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Graffiti Tour in Communa 13 is (Hip) Hopping

More fascinating stories from Colombia’s tragic past

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The highlight of my final day in Medellin would be a Communa 13 Graffiti Tour

After yesterday’s amazing walking tour, the Communa 13 Graffiti Tour had a hard act to follow. We would head up the hillside by public transport in a group of 10 guided by Walter, who seemed a nice and friendly guy. We took the metro first, then a cable car, and finally a public bus. Our goal was to learn about this poorer neighborhood which was the scene of a lot of the violence during the civil war years in Colombia. A focus would be checking out the incredible graffiti painted on the walls by the residents.

Communa 13, one of the poor hillside districts of Medellín

From the station on the first stop of the cable car, we looked out over the panorama of the neighborhood. Walter took that opportunity to give us a historical background on the formation of Communa 13. It was started by residents fleeing the fighting in the countryside. With the flat ground of the Medellín valley already full, refugees began building their homes on the hillsides. There were made out of whatever materials the could scrounge up - tin roofing, wood, etc. Actually, this process is still going on, today. Walter pointed out a neighboring barrio that was “illegal.” It had not been granted Communa status by the city government and had no electricity, water, or other services. He said that it may take years but eventually it would be granted official status and given a number.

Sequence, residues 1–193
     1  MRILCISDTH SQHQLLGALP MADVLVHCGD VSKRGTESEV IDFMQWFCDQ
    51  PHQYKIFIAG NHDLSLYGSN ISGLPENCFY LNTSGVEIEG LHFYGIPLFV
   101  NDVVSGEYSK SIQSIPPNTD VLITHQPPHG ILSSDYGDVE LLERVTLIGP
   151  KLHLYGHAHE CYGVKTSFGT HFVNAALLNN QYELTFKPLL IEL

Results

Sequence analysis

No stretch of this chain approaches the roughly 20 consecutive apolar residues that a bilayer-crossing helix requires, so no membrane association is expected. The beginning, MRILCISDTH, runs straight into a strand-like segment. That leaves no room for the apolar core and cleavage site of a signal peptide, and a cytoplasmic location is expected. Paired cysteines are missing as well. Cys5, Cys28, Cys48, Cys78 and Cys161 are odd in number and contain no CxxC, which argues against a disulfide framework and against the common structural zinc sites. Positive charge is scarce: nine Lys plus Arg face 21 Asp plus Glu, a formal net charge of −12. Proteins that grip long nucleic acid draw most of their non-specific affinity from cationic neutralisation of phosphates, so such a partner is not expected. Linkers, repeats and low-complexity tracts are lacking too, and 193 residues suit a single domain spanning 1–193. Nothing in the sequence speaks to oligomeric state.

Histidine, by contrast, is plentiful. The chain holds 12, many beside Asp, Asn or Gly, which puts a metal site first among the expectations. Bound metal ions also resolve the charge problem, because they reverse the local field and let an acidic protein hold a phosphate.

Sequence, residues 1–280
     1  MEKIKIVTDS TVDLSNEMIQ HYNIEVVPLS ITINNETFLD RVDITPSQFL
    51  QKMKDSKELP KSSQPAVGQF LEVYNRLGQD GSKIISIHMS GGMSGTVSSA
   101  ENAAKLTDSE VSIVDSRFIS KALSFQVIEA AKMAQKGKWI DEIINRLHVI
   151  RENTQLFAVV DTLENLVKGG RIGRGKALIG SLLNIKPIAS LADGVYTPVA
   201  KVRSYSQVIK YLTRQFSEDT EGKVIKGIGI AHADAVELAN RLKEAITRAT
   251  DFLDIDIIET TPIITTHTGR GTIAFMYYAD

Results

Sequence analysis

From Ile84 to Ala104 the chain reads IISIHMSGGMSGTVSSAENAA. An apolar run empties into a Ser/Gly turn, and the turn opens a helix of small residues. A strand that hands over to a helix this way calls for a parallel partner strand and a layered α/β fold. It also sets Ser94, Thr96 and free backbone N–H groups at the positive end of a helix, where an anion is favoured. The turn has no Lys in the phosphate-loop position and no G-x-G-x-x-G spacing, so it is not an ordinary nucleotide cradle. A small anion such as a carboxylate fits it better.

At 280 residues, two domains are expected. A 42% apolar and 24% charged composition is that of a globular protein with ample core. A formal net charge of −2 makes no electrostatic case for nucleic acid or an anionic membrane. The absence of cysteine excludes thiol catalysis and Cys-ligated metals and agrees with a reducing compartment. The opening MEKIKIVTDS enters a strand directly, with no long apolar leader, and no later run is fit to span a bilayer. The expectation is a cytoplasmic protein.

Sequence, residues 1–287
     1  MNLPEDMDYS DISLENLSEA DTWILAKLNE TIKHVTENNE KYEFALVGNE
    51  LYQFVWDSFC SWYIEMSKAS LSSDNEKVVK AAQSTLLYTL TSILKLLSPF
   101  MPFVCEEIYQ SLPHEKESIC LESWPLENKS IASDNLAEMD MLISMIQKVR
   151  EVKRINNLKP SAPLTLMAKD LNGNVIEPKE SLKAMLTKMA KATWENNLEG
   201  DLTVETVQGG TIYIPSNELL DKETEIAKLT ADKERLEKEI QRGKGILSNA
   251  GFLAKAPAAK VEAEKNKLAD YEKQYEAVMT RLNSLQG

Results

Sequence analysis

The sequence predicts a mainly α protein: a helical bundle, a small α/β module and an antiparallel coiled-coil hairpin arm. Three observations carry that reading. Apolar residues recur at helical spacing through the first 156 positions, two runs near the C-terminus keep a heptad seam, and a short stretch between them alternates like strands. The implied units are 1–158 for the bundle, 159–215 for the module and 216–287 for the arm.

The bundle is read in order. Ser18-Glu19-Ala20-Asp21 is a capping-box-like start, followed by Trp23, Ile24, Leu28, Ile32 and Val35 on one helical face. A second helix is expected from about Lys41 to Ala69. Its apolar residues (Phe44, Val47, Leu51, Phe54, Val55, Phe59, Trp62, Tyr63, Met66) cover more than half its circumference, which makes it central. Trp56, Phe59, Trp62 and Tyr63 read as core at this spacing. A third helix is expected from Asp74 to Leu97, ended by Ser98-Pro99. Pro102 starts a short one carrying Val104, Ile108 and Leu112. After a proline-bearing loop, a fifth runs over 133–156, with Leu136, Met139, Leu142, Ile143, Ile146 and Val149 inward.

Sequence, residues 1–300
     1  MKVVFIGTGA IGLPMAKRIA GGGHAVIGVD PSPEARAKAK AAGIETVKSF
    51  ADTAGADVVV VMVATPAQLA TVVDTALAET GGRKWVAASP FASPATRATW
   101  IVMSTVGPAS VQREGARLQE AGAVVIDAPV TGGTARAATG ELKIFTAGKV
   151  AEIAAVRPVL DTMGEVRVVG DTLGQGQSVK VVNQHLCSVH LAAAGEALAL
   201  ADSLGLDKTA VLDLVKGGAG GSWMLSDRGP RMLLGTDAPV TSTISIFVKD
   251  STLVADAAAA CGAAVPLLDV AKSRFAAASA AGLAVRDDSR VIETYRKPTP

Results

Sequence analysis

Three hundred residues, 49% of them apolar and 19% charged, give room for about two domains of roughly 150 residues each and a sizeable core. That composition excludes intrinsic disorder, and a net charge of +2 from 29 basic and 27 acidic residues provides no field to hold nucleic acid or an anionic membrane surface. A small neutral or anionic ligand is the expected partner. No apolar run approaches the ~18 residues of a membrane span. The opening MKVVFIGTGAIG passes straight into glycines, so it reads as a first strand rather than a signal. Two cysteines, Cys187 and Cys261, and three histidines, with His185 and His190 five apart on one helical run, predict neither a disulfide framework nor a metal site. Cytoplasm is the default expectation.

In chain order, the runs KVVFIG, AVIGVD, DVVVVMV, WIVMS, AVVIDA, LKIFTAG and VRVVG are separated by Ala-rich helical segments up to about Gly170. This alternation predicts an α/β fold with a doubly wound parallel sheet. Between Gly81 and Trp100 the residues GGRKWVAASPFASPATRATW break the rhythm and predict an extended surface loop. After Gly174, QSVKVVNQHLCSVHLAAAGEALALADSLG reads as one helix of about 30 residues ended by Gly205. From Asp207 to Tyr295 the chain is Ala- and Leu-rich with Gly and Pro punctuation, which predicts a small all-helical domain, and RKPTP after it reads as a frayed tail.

Communa 13 started out as an illegal squatters settlement, like some hillside barrios are today

This was also how Communa 13 began. Residents had fled the countryside hoping the government would protect and take care of them in Medellín. That didn’t happen. In fact, the police would come from time to time and knock down their shacks and try to drive them off. Government indifference and hostility drove the Communa 13 residents into the arms of the leftist guerrillas. The guerrillas would attempt to impose some kind of order, acting as a court to solve disputes and overseeing some basic services. In return, the guerrillas taxed the residents. This income led to turf wars between the guerrillas. Shootings happened every night with residents caught and often killed in the crossfire.

Today, Communa 13 enjoys amenities provided by the city government such as the cable cars and escalators

Periodically, the government would launch military operations to try to drive off the guerrillas. Inevitably, this led to even more civilian deaths. At long last, peace began to arrive in Colombia and the Medellín government actively tried to improve the lives of the residents of Communa 13. The cable cars were one step. Escalators were also installed on the slopes making it easier for residents to make their way up and down the steep slopes.

Graffiti decorates many of the walls of homes and buildings in Communa 13

More importantly, the residents themselves banded together to improve the lives of their young. Walter said they focused on four paths for the kids to make their way in the world. One was the graffiti. The most talented and successful graffiti artists were actually hired locally and abroad for commissions and became internationally known. Another was rapping and hip-hop music. With social media as an access to the world, successful rappers have come from Communa 13. Break dance was another venue. And finally, and perhaps most importantly, the community focused on educating their young. Learning was emphasized as a path to a better life.

Education is one of the ways Communa 13 residents have focused on to improve the lives of their young

As stability returned to Medellín and tourists began to arrive, Communa 13 was ready to take advantage of the opportunity. We saw a number of rap performers entertaining visitors and likely making good money on tips. Walter took us to one of these, as well as a break dancing exhibition. It is good to see these young men and women using their talent to make their way in the world. Musically, it is definitely not my cup of tea. The audience during the rap were laughing and enjoying the lyrics, but since it was all in Spanish, I couldn’t enjoy their cleverness.